There is a perception that the UFC is human cockfighting — a bloodsport where people rip each other apart for our amusement. In reality, the UFC is is one of the most complex and nuanced sports ever devised. The cover athletes of EA Sports UFC 2, Ronda Rousey and Conor McGregor, know this more than anyone, but as both can likely attest — all the training in the world can’t counter a surprise kick or a well-placed choke. In both cases, they fought with the wrong gameplan and lost. Thankfully, it’s it not all black eyes in UFC 2’s ring.
Looking back two years ago at my review for EA Sports UFC, I called it a “Split Decision,” and with another two years of development under EA Canada’s belt, I was eager to see what this newest installment would bring to the Octagon.
The biggest improvement is also the most obvious, and likely one of the most difficult to capture — visual fidelity. Every fighter in UFC 2 is meticulously recreated on screen, from their signature strikes, to their victory celebrations. Even their oh-so-very awful tattoos are represented exactly as you’d see them during a real broadcast.
As it was in the previous outing, there are still plenty of hilarious physics-based oddities that make your fighter into some sort of pretzel-contortionist, and more than occasionally you’ll slide into the correct position to execute an animation such as a diving punch, throw, or grapple. Before we get to all that, though, let’s talk about the mechanics underneath.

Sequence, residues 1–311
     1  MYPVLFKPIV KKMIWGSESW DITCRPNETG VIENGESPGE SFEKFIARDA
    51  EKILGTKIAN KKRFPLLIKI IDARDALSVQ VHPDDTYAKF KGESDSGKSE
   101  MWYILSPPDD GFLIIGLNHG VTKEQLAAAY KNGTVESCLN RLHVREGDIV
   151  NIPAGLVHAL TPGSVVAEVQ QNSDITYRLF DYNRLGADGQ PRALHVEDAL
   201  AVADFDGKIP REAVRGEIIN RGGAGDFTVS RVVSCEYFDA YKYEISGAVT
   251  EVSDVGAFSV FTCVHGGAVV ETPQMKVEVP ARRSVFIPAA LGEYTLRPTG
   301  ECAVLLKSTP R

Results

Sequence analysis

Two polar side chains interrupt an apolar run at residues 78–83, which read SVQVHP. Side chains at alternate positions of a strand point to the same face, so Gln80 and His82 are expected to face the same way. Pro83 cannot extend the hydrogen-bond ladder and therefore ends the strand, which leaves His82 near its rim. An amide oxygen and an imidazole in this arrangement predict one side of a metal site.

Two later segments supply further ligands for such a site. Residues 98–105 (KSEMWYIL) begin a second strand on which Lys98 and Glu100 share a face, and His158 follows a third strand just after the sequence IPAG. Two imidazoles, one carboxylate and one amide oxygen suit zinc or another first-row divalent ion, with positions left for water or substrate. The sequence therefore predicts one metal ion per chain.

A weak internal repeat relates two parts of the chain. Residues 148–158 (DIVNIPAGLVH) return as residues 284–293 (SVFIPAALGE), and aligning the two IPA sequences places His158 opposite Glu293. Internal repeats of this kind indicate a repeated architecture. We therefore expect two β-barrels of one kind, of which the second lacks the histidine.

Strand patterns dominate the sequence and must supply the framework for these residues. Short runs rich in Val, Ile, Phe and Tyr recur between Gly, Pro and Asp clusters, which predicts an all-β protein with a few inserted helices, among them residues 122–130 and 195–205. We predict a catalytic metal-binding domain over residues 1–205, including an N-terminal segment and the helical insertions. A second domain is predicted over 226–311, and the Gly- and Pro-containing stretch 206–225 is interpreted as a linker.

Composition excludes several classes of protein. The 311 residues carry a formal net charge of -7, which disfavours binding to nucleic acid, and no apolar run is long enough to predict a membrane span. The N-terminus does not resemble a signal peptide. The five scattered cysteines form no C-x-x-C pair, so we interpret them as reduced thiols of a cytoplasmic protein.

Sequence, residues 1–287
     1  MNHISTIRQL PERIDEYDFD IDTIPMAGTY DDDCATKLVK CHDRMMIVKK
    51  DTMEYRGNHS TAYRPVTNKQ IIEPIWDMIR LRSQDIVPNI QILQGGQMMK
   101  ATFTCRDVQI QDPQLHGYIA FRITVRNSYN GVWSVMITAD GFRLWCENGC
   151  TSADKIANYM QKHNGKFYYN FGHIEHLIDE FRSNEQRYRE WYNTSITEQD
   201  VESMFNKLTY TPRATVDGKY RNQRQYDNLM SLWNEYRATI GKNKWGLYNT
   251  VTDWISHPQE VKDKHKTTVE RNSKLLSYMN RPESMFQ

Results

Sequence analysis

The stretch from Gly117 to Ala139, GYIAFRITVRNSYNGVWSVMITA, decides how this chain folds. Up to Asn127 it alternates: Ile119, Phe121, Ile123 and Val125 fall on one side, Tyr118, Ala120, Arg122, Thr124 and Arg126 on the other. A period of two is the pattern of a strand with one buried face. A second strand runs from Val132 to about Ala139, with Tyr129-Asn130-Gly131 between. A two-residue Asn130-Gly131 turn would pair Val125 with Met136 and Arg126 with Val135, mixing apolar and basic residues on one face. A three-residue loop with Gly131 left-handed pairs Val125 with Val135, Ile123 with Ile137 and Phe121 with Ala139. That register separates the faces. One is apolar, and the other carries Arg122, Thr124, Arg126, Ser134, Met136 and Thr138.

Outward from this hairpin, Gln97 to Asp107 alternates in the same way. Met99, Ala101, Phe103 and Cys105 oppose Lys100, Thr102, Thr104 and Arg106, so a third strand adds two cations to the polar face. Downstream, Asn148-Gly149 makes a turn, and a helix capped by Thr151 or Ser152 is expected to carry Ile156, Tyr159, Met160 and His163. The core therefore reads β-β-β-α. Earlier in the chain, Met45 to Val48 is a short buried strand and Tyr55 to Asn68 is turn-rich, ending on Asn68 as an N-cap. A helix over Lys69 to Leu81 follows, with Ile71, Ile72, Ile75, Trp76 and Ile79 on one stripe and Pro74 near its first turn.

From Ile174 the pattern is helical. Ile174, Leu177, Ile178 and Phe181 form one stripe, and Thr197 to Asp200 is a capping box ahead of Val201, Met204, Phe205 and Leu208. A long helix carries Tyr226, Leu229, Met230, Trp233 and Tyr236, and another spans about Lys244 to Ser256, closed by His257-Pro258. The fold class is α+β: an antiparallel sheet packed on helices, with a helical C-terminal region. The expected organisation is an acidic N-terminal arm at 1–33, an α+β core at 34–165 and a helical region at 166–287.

The Ultimate Fighter
When the game opens, you’ll see the full presentation power of UFC 2, showcasing the walkout, the pomp and circumstance preceding a fight, and a few action-packed rounds. With Robbie Lawler down in the cards, his coaches suggest that he needs a knockout to win, handing the controls to you, the player, to make it happen. Serving as a tutorial, the game then walks you through the basic controls, opening up to all options once this fight is in the books.
As was the case last year, the Career mode provides an opportunity to fight your way into The Ultimate Fighter house. Squaring off against other rank amateurs, you cut your way through the fight brackets, eventually culminating with a belt and a chance to square off in the Octagon, proper.
Your fighter’s growth depends heavily on the archetype you pick on creation, as well as training time in the gym. These training montages are minigames, asking you to hit the bag low or high, practice submission attacks, defenses, and clinch techniques, and more. They are broken into easy, medium, and high difficulty, with the score required being higher in each tier, and the higher the resultant bump in attributes. As an improvement, once you’ve set a high score and you are happy with the grade result, you can then simulate it to that same degree instead of repeating it.